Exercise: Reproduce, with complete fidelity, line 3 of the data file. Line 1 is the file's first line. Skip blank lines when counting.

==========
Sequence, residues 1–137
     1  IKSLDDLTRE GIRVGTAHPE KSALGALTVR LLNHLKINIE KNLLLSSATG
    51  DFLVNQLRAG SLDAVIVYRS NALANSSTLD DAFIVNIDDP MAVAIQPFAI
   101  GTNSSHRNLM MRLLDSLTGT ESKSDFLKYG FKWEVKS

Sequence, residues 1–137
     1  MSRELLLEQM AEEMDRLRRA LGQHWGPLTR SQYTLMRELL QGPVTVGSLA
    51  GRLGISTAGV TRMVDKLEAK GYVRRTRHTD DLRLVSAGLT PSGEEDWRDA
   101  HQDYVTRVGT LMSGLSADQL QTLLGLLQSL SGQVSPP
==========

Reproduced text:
    51  DFLVNQLRAG SLDAVIVYRS NALANSSTLD DAFIVNIDDP MAVAIQPFAI